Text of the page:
UNEP and IUCN will be supporting target countries in implementing EbA measures to meet their global plans and commitments. The measures funded by this programme will be supported by specific expertise- and capacity-building, while strengthening information, knowledge and political will for nature-based solutions to adaptation. To do so, IUCN and UNEP will draw on their extensive existing networks, tools and expertise, including Friends of Ecosystem-based Adaptation (FEBA), supported by IUCN, and the Global Adaptation Network, supported by UNEP.

The two organisations will serve as catalytic conveners by engaging key stakeholders to proactively scale up commitments through strategic partnerships, building on key high-level political processes.

The partnership between UNEP and IUCN will leverage a long history of EbA approaches and projects. Together, IUCN and UNEP have been involved in more than 80 EbA-related projects since 2010.

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China: Developing Green Finance in Agriculture

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The World Bank’s Board of Executive Directors today approved a loan of Euro 267.2 million (US$300 million equivalent) for China to foster green agriculture investments, development of standards, and technological innovation in Henan Province.

“This project will support the development of a green agriculture financing mechanism that can leverage commercial investments and boost the adoption of innovative technologies. It will help China fill the gap in green financing standards and generate useful lessons for other parts of China and increase the quality and safety of agricultural food products,” said Martin Raiser, World Bank Country Director for China. “This project has a strong focus on promoting global public goods. Through this project, both China and the world will benefit from reduced agricultural pollution and emissions.”

China’s agricultural sector accounts for about 14 percent of global agriculture-related greenhouse gas (GHG) emissions and is a major source of two highly potent GHGs: methane and nitrous oxide. The level of green financing in China is low due to a general reluctance of financial sector institutions to finance agriculture investments, which are perceived to be of high risk and relatively low return. Lack of clear green finance standards has also been an obstacle to developing the market and attracting investments.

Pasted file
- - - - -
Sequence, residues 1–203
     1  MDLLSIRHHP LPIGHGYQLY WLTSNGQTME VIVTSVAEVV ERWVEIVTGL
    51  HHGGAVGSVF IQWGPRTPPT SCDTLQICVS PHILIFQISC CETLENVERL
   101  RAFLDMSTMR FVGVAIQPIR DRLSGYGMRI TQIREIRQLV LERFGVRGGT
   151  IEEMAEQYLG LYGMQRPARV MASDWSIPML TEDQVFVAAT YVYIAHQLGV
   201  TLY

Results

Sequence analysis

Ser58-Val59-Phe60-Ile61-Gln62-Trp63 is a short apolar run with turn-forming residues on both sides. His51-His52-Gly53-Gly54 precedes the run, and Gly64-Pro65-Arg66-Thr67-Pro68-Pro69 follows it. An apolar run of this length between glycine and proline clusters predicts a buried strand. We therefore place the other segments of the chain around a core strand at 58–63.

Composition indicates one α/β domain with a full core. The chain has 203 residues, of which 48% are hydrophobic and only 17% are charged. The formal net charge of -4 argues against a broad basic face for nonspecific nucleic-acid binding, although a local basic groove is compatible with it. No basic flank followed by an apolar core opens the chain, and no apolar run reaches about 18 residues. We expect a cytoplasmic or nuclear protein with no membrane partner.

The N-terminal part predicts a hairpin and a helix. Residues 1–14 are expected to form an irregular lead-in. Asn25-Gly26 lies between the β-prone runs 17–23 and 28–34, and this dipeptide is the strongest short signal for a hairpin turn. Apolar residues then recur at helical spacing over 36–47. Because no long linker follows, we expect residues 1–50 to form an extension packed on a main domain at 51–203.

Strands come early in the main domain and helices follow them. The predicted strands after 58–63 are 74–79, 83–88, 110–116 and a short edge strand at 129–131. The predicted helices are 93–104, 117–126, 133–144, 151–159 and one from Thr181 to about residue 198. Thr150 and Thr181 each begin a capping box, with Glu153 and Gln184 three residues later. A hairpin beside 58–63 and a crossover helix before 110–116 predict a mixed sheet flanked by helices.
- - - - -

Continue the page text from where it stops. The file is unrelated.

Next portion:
The Henan Green Agriculture Fund (GAF) Project will support the establishment of a dedicated investment facility to demonstrate the viability of financing green agriculture investments by providing financing for equity investments and on-lending to eligible firms. Henan is a major agricultural province with some of the highest output of livestock and grains in China. At the same time, agriculture has a significant environmental footprint. For example, Henan is the largest consumer of chemical fertilizers and the second largest consumer of pesticides in the country.

The GAF will finance green agriculture projects, which are defined as those that achieve more resource-efficiency and environmental sustainability, are climate-smart, and increase the quality and safety of agri-food produce. Financing could go towards green inputs and equipment production, reduction and elimination of chemical fertilizer, pesticide and plastic use through good agriculture practices; investments in technologies and practices that reduce GHG emissions and nutrients run-off; investments in improving energy and water resource use; and investments in reducing food loss and waste. Seventy-five percent of the project’s activities are expected to provide direct climate co-benefits.

The project will foster the development of green agriculture financing standards based on globally accepted green investment principles, good practices and performance benchmarks, as applicable to China’s agriculture sector. These would cover such areas as identification of green agriculture investments, improved processes for project evaluation and selection, management of social and environment risks, and measurement and reporting of environmental benefits based on scientific evidence, transparency and accountability.